Kyle Bylin, Associate Editor
These days, itâs becoming clearer that the record industryâs plight in the digital age hasnât happened in a vacuum â that, in all actuality, its troubles arenât that unique at all. Many industries in fact, particularly those whose content can be turned into zeros and ones, are finding themselves struggling to rethink the ways in which they make money and how they will continue to remain profitable.
Recently, an article appeared in The Daily Beast by Richard Abowitz called Top 5 Reasons Porn-for-Profit Is Dying. In it, Abowitz makes the case as to why a rather lucrative industry has found itself transformed by an onslaught of technological, economic, and societal changes. Quite obviously, one needs not to know much about the porn industry to suppose that the number one factor contributing to their difficulties is piracy.
This, in turn, opened up the opportunity for one insider to comment that, âPiracy is the biggest single factor contributing to the economic malaise we are in.â After all, they say, as almost all insiders tend to say, âHow can you compete with free?â That statement, from the perspective of Mike Masnick of TechDirt, is one of those âthat people love to throw out.â To which he further argues, âIf we break down the statement carefully, anyone who says that is really saying that they can't compete at all.â In effect, what theyâre saying that âthey can't figure out a way to add value that will make someone buy [porn] above marginal cost.â1
Whatâs more interesting though is the manner in which porn stars view their careers much in the same light as artists in the record industry and the managers and lawyers and RIAA representatives that tend to speak on their behalf. These claims range from the more traditional axioms that, âIf people donât realize [that piracy] is stealing and start paying for their porn then performers are going to stop performing.â Onto where they pronounced that, âI donât think people are just going to do what porn stars do for free and put it on the Internet.â
Sound familiar â that if people donât start paying for music, people will quit making it? Similar arguments have surfaced in the record industry, but, for some reason, instrument sales are high and people keep making music. Yet, making music requires a certain degree of talent, ambition, or, at the very least, practice for that matter. Much of which, courageous YouTube uploads still lack on their best day, but, in fact, people are still making music. In contrast, without the intent of degrading the works of other âperformers,â a Flip cam is about the only thing between professionals and amateurs seeking Internet fame.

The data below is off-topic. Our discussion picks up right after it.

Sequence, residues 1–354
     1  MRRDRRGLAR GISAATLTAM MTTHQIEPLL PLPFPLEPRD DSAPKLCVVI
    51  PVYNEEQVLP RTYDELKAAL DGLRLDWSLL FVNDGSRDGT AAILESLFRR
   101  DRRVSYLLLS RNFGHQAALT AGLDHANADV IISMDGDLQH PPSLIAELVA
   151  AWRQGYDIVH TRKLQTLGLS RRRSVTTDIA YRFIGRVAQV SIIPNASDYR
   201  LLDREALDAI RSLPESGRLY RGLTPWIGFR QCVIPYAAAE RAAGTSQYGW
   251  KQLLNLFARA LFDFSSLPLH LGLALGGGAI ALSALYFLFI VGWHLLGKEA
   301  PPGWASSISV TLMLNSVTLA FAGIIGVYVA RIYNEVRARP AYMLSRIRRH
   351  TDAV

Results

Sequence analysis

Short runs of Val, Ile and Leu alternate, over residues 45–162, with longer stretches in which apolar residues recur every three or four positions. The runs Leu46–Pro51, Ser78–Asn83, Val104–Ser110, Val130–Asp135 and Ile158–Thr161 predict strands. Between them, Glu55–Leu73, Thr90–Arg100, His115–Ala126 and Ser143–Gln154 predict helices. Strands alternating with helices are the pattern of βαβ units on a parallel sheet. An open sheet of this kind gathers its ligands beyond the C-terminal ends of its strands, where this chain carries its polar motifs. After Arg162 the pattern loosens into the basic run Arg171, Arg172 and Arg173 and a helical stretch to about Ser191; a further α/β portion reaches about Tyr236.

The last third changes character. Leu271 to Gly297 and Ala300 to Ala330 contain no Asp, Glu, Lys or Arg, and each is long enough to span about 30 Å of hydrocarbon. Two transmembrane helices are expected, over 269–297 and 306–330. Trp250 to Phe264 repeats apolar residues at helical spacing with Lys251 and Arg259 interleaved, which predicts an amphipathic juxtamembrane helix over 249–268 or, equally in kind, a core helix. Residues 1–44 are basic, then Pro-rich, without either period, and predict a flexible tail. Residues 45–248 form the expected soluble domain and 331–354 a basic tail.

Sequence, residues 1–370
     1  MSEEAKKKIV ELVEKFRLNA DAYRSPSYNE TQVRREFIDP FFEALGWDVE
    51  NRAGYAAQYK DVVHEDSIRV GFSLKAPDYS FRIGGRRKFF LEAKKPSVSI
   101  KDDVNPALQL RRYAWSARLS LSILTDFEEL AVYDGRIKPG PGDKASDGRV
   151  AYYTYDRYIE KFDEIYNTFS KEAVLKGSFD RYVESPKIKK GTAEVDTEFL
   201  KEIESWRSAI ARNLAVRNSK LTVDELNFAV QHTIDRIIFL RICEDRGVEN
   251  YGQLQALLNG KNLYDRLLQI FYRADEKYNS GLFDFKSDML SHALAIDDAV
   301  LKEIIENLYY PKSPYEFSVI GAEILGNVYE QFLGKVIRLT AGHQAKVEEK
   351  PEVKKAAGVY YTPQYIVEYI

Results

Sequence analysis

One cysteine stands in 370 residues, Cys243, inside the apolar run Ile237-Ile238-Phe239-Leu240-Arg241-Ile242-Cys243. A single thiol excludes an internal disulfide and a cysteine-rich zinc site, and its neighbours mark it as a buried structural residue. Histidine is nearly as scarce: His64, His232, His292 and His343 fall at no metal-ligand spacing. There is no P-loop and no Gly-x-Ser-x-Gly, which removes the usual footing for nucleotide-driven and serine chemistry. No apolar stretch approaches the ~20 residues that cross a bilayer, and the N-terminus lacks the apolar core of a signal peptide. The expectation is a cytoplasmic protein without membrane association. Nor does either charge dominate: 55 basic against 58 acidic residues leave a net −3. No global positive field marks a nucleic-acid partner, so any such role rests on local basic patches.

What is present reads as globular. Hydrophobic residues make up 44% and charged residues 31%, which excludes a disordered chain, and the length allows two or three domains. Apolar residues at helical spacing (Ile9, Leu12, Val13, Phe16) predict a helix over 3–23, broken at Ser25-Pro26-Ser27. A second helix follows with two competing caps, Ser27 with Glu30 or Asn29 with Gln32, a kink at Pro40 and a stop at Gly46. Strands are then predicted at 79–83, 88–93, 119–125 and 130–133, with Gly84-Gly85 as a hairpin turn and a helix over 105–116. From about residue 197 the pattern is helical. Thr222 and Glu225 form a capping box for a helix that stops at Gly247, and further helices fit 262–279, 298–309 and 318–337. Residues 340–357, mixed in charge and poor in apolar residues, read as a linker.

Another fascinating similarity is that âpaying online hasnât worked out so well for porn.â For the reason that recording entire movies, much like albums, can be an expensive undertaking when in reality the porn industry equivalent of the 4-5 minute single is all that the more casual fans are looking for. So, many studios that once depended heavily on their DVD sales are finding themselves besieged, because they âhavenât figured out how to fully monetize that content.â
To paraphrase Jeff Zucker, head of NBC Universal, these studios have indeed ended up trading analog dollars for digital pennies, and, evidently, they are not very happy about it. While insiders state that they are still in fact making money on video-on-demand services, they are quick to point out that they donât bring in nearly as much as their DVD sales have in the past.
Taboo, cited as the third reason that âPorn-For-Profitâ is dying, fluctuates around the idea that it used to be rather unacceptable to do such matters for money, and that increasingly for anyone with the ambitions to do so, all that they need to do is set up a website. Put differently, in an industry where gatekeepers used to choose who succeeded and who didnât â today, anyone can setup their own page and encroach on the wages made by professional porn stars.
Here is where it gets remarkable though â that, âOne of the strangest challenges porn faces is competition from online games like World of Warcraft, though the connection may at first seem random.â However, if you subscribe to the notion of the âattention economy,â and think that porn now competes not only with online gaming, but all forms of media, it becomes clear why this connection isnât quite so disparate after all. It, in truth, alludes to the most prevalent shift in the consumption of entertainment that is happening today â that video gaming has restructured the level of engagement that consumers expect from media.
Lastly, rather than fighting for âthe diminishing supply of work in the porn business,â doing, well, all kinds of things, some porn stars have come to realize that they can complete with free in other ways â that their fans will pay them more to have âbasic sexâ with them. Naturally, this puts quite a different spin on Masnickâs "Connect with Fans + Reason to Buy = $$$$.â However, Abowitz says, âIt is a logic that is increasingly making sense to some porn stars as fans are able to connect ever more directly with them via Facebook and Twitter.â
Given these similar circumstances it makes you wonder whether or not tiered releases are in their near future, if not, already happening. Yet, while the porn industry equivalent of âthe shiny plastic disc businessâ may be in dire straits â chances are that it wonât entirely go away, but, it will have to change with the times. Porn, like music, wonât ever quit being made, for the reason that itâs not likely that people will soon lose interest in it anytime soon. That said it should be interesting to see in the years to come if the porn and record industryâs share a similar fate in the digital age, and, if so, how different they will look in the future.
1. Mike Masnick, Saying You Can't Compete With Free...